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An Intel 64 bit CPU uses a four-level hierarchical page table. Each of the four levels of the page table can contain 512 entries, and the page table size is 4KB. You should be able to see that it cannot actually address 2^64 bytes of virtual memory. If a process on the system used 12MB of text, 5MB of heap and 7MB of stack, calculate the page table size, the number of page table entries required and the number of second level page tables.

Disclaimer: This question is not from an academic assessment. It is a past paper question in preparation for an examination.

If the page table size is 4096 bytes then $\log_2(4096) = 12$. Thus, the offset is 12 bits. Since there are 4 levels in this page table and each level can support 512 entries, the index into each entry is $\log_2(512) = 9$. Thus, you have 4x 9 bit indexes in the virtual address and a 12 bit offset.

One question arises: $9 * 4 + 12 = 48$ bits. But we have 64 bit virtual addresses? What happens to the other 16 bits? I would assume these are zeroed as the 16 most significant bits. Is that correct?

If this is true, does that mean this paging system can address 2^36 pages of virtual and physical memory, and therefore, it can address at most 2^48 bytes of virtual and physical memory. Is that correct?

Under the assumption outlined above: 12MB of text requires 3072 pages, 5MB of heap requires 1280 pages and 7MB of stack requires 1792 pages.

We know that the address space looks like this:

|----------| 2^36
|  Stack   | (Stack expands down)
|          |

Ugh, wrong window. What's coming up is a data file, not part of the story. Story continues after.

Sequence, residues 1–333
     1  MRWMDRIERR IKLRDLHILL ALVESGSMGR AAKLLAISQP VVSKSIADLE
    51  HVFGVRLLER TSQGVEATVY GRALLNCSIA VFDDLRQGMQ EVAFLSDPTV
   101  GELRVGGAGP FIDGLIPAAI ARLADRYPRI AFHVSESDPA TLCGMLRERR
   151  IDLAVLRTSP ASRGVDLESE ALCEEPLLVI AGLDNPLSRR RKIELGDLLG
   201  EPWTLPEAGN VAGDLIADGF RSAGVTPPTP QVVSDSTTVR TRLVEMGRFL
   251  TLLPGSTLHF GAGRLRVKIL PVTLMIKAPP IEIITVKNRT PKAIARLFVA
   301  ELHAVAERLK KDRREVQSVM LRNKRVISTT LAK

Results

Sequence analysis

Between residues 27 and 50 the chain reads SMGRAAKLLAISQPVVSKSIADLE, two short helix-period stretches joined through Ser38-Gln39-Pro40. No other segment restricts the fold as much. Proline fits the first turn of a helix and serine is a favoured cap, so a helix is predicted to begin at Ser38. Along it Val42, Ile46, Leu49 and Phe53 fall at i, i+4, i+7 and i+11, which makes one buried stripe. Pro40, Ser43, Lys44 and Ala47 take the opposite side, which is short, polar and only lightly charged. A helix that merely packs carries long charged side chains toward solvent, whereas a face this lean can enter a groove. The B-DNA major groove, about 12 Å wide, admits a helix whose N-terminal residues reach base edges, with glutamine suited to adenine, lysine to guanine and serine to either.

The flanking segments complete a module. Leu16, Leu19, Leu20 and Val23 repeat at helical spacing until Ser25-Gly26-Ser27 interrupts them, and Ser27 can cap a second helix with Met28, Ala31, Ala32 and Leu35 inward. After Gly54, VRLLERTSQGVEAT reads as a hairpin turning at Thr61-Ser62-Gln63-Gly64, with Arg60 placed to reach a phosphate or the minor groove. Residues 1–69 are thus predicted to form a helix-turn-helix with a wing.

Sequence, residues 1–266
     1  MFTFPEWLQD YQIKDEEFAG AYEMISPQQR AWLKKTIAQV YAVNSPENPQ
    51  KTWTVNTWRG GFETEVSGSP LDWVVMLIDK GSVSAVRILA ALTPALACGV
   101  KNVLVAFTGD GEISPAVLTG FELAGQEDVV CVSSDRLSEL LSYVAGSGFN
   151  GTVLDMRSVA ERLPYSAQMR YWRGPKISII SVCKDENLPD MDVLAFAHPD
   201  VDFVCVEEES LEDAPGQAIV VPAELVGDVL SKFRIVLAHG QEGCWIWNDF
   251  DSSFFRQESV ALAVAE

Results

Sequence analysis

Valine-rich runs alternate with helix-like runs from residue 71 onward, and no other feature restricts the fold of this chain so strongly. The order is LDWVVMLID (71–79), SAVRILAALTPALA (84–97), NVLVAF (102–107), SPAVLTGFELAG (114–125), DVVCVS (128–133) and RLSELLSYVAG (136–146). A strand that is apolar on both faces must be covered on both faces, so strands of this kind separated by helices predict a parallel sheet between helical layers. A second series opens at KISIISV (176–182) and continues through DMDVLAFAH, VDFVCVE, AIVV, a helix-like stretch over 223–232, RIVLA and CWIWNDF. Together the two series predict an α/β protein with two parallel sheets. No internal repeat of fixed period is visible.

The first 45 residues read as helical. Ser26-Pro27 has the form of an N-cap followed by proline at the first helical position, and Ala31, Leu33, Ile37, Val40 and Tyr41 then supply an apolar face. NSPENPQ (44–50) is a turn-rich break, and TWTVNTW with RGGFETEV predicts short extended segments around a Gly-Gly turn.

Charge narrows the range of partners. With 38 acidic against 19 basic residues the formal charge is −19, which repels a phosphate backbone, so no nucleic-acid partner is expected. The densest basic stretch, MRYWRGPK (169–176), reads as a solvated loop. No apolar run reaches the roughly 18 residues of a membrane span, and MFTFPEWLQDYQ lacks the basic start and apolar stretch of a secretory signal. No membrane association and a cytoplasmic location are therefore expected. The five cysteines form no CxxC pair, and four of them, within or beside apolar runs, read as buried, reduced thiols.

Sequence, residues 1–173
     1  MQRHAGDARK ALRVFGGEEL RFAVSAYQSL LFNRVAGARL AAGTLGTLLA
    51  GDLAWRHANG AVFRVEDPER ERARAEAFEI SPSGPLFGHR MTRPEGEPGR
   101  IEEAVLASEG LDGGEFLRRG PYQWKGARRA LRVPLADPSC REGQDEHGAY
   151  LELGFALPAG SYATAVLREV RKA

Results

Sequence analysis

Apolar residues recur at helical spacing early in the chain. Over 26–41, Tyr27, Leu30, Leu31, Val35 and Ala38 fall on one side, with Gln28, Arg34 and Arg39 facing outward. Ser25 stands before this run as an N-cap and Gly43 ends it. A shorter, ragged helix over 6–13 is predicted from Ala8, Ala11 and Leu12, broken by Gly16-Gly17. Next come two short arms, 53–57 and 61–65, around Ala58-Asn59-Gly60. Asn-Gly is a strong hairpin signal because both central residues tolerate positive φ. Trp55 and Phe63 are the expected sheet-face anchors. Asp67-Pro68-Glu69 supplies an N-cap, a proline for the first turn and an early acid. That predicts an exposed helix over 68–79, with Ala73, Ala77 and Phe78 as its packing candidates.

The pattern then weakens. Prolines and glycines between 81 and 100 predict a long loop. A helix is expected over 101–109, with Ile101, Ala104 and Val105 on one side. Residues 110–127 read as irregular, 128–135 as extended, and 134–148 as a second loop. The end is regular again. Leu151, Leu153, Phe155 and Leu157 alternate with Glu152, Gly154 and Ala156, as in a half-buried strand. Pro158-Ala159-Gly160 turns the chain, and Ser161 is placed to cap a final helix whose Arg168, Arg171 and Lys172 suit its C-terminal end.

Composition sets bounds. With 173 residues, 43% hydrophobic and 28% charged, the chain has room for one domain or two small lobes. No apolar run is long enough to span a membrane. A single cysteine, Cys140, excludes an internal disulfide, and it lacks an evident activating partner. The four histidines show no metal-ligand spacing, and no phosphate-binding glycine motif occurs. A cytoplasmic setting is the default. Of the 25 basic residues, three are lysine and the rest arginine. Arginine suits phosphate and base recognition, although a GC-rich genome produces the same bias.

|          |
|          |
|   Heap   | (Heap expands up)
|   Text   |
|----------| 0x0

Since the stack is at the top of the address space, it must have it's own second level page table. However, the program text and heap are at the bottom of the address space. Since each second level page table can address 512GB of memory (512^3 * 4096) the program text and heap can share a second level page table. Then, since each third level page table can address 1GB (512^2 * 4096) the program text and heap can share a third level page table too. Thus, we have 18 page table entries. Since this is a 64 bit architecture, each page table consumes 64 bits, and therefore the size of the page table is $18 * 512 * {64 \over 8} = 72KB$.

4th level can address $512 \times 4096$ bytes,

3rd level can address $512^2 \times 4096$ bytes,

2nd level can address $512^3 \times 4096$ bytes,

1st level can address $512^4 \times 4096$ bytes.

     L1       L2       L3       L4
2^32 |---|--->[---]--->[---]--->[---]   }
     |---|                  --->[---]   }  7MB STACK
     |---|                  --->[---]   }
     |---|                  --->[---]   }
     |---|
     |---|
     |---|
     |---|
     |---|                      L4
     |---|                      |->[---] }
     |---|                      |->[---] } 5MB HEAP
     |---|    L2       L3       |->[---] }
   0 |---|--->[---]--->[---]--->|
                                |->[---] }
                                |->[---] }
                                |->[---] } 12MB TEXT
                                |->[---] }
                                |->[---] }
                                |->[---] }

Key [---] Level in Page Table
     ---> Pointer to Lower Level Page Table
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The virtual addresses must be canonical, the top 16 bits are all copies of the 48th bit. Using a non-canonical address (in the sense of using it as an address) generates a #GP. See also, the manual, volume 3, chapters 3 and 4.

That is independent from the maximum physical address, which is not "canonical" in that way but just goes from 0 to some large number determined by MAXPHYADDR. You can find MAXPHYADDR using CPUID:80000008H, the lowest 8 bits in eax. It specifies the bit index in the page table entries (and some other places where you specify a physical address) at which the physical address stops and the reserved region begins. It's at least 36. It could be 48, but that wouldn't have anything to do with the limits on virtual addresses. The page table entry format allows it to go up to 52 (allowing you to address 4PB of RAM), but that hasn't happened yet. Intel seems to like 39 and 46, AMD seems to mostly use 48 now (they've used lower in the past) (source).

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